It’s a lot easier to get something done, and to get it done well, when someone else is watching.
I learned this the hard way, a few months after launching my freelance content business. When I started out, I was working entirely in an echo chamber. I had no colleagues, so my clients were the only people waiting for my work to be delivered.
It became very easy to push off deadlines so I could explore a new place, meet up with friends, or just scroll on my phone. But eventually, I began to fall behind. My business wasn’t growing at the pace I needed it to, and my stress was building as I became a master procrastinator.
Fortunately, that changed thanks to a chance meeting with someone who is now a close friend (for this article, I’ll refer to her as Meg). Though I didn’t know it when we met, Meg would become my accountability partner, and it would change the way I work for the better.
Accountability partner definition
An accountability partner is a peer who acts as a coach, a cheerleader, and a confidant to help you achieve something. As their partner, you will provide the same level of support.
Your accountability partner may help you go to the gym more often, advance your career, pick up a new skill, or achieve any other personal/professional goal.
An accountability partner is different than a mentor. Mentors are typically those who have experience and/or knowledge that surpasses your own—you’d go to them for guidance and advice. An accountability partner is a peer, someone on the same or similar level to you, who relies on you just as much as you rely on them.
What are the benefits of an accountability partner?
To understand the power of an accountability partner, you must first understand the difference between internal accountability vs. external accountability.
Internal accountability is when you are the only one holding yourself responsible for something. External accountability, on the other hand, is when someone other than yourself is holding you accountable.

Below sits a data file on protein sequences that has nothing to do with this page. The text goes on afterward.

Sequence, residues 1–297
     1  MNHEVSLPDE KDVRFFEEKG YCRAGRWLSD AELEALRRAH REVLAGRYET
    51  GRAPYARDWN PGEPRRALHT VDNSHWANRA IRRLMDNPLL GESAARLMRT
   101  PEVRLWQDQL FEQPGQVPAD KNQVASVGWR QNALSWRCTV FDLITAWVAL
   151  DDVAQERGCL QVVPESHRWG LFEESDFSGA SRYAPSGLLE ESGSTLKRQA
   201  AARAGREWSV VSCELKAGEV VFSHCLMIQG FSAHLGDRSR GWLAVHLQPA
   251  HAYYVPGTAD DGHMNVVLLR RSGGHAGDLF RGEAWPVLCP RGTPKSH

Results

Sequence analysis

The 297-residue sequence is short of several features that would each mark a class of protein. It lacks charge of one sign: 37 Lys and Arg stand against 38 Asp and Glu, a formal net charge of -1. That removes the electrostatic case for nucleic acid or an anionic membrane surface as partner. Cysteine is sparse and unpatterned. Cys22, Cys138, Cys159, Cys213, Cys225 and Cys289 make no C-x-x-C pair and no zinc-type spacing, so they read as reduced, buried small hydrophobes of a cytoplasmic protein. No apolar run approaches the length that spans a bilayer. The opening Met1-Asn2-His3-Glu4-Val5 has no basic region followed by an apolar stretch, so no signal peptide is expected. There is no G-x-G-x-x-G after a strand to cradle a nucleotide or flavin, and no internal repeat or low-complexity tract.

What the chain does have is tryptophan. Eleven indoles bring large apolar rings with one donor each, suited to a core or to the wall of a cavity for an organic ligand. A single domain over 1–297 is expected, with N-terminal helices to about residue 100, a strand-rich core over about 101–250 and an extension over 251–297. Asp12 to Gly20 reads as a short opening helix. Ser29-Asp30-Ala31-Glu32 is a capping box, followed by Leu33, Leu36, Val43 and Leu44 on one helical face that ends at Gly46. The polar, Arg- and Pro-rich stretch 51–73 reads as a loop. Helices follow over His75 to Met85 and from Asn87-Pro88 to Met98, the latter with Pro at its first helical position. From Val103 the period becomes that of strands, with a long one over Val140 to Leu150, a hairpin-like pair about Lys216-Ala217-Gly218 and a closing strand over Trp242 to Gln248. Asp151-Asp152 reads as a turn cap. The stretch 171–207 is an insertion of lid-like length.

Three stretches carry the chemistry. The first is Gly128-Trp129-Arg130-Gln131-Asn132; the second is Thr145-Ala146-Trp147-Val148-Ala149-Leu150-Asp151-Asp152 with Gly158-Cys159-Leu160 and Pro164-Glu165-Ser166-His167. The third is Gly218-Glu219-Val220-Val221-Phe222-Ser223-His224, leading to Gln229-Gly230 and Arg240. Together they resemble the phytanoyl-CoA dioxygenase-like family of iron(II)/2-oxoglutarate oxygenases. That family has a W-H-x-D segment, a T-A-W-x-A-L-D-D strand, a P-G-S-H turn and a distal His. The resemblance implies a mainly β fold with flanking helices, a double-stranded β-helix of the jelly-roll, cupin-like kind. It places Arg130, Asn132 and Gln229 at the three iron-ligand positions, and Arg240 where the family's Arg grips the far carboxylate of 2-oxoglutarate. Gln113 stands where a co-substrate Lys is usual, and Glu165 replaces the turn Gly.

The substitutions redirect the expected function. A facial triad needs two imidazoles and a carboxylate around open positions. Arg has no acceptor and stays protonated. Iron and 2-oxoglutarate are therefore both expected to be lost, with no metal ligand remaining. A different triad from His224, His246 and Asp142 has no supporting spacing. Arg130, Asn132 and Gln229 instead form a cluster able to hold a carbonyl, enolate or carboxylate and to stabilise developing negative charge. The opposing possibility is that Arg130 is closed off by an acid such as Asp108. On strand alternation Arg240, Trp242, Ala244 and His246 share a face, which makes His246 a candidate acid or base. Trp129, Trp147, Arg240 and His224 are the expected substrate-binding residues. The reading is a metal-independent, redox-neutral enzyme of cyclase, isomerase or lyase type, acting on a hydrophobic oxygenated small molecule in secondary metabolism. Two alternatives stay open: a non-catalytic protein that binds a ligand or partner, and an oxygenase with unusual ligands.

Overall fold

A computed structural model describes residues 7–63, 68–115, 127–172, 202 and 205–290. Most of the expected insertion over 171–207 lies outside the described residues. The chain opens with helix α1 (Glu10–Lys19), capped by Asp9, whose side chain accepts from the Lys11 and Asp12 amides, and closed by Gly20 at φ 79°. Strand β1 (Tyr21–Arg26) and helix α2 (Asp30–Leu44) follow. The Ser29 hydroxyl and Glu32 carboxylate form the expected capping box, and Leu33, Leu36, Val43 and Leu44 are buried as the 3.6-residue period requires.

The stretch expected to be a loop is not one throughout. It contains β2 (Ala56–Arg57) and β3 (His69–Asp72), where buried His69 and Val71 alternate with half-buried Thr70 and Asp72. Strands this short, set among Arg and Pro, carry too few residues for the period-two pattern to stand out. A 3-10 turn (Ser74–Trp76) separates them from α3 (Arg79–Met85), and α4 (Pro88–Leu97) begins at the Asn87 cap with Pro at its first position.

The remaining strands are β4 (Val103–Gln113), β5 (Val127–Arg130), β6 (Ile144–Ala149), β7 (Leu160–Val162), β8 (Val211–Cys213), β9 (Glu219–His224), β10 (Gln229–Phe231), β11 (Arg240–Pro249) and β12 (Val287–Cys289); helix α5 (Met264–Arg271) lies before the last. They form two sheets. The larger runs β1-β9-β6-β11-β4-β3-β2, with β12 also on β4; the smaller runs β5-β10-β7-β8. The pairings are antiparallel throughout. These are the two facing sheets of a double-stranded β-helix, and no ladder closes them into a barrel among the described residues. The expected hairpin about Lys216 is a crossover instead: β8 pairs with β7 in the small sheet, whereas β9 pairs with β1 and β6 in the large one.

For example, let’s say you make a goal to go on a thirty-minute walk every day. If you live alone, you can imagine how easy it will be to put off that walk when it’s raining outside or when Netflix asks if you’d like to watch another episode.
Now, let’s imagine you have a dog—a cute puppy that needs long walks every day to burn off energy (and go to the bathroom somewhere other than your carpet). In a way, the dog becomes your accountability partner—you are responsible to your pup, not just yourself, so taking that thirty-minute walk (even if it requires an umbrella) becomes much easier.
A human accountability partner works the same way. Perhaps you have set yourself a goal to learn pottery. On your own, you might go to the local pottery studio a few times a month. But if your best friend is also learning pottery and expects you to be there every Thursday at noon, you’ll feel obligated to meet them—and your pottery skills will grow stronger, faster.
This “law of accountability” can be applied to almost anything you want to achieve, professionally or personally. So how do you get an accountability partner?
I’ll share the story of how I met mine and then give you some advice on finding your own.
The story of my accountability partner
If you’re reading this article, perhaps you’re actively seeking an accountability partner. But when I found mine, I had never heard of the concept.
I met Meg about a year into my freelance journey when I was looking for ways to stave off the loneliness I felt working completely on my own. Though I didn’t miss commuting to the office or sitting through boring meetings, I was longing for the friendly relationships I had with some of my former colleagues.